Sunday, May 25, 2014

"On Not Being CS Lewis" Link

I could embed the video, but prefer you see the interesting Mockingbird site it comes from.

Have I backed the wrong horse all along?

I took it personally and painfully at first, and still think there is much to it.  But second and third thoughts have caused me to question parts of it.  I'd rather the few folks who have the energy to catch the video in full do so before I comment.  I recommend skipping the Q & A section at the end, BTW.

HT:  Dubbahdee over at Necat Draco


Texan99 said...

I've just watched it. Most of the talk left me impatient, but I was quite taken by the finale: that guilt is a bad place to be, but not as bad as denial--and guilt is a room with an exit, which very kindly is opened for us from the outside.

The odd thing is that I found that a very "C.S. Lewis" way of putting it. Most of what he thought Lewis failed to do is exactly what I've always found Lewis does very well indeed: he starts with ordinary non-religious people's conviction that something's very wrong, very missing, and shows them a way out of the box.

I was raised in just the attitude toward religion that Stufford describes: it's a way for silly people to deny painful truths. The attitude is not peculiar to the last few decades at all! Yes, today we need missionaries to the completely unchurched, the people who grew up assuming the church was irrelevant, but that's not something brand new.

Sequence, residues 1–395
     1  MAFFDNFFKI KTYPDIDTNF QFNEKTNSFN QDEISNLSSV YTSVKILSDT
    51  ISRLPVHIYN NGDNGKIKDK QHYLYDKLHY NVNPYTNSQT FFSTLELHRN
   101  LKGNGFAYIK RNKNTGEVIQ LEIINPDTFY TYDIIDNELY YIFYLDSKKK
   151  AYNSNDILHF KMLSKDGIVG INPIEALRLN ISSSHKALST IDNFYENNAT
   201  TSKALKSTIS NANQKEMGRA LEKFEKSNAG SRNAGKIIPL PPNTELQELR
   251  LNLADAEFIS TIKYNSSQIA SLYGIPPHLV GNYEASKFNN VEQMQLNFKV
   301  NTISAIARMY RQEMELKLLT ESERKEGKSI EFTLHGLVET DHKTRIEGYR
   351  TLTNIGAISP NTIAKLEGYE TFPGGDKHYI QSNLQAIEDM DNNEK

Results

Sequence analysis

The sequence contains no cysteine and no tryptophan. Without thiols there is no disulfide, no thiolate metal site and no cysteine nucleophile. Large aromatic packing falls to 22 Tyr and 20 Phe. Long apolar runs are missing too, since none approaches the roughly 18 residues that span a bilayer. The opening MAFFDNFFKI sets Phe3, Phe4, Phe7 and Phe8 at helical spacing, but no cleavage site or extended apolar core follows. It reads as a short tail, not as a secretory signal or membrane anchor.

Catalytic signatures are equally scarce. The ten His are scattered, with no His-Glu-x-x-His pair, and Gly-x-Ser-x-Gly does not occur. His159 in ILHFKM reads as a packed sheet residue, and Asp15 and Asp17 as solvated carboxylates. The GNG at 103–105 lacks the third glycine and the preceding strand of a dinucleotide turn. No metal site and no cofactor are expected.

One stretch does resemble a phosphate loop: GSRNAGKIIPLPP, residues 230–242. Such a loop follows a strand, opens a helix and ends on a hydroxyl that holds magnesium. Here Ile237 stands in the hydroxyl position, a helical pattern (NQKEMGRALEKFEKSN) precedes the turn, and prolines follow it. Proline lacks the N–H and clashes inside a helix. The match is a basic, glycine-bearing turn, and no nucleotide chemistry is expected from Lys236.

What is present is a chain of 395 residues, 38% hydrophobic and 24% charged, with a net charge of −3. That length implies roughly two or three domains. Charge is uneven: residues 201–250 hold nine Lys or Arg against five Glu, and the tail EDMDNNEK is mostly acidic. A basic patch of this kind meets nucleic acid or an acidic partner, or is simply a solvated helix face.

Lewis would never make the mistake of trying to convince unbelievers that their sin lay in breaking the technical rules of fasting or sexual purity, or anything else that failed to engage their natural moral sense. He started with irreligious people's convictions of what is "really" wrong, and showed what that had to do with God's law and Christ's redemption. He also was extremely crafty about turning the tables on people who dismissed religion because it was dry and safe and boring. He found the notion of God reaching for him with strong hands quite frightening, and communicated his anxiety powerfully. Maybe that's why Stufford's point about guilt vs. denial resonated with me. It's a good way to engage people's courage, to urge them not to retreat into denial.

Assistant Village Idiot said...

Well, you just put all my best conclusions very nicely. I'll try to provide some value-added later.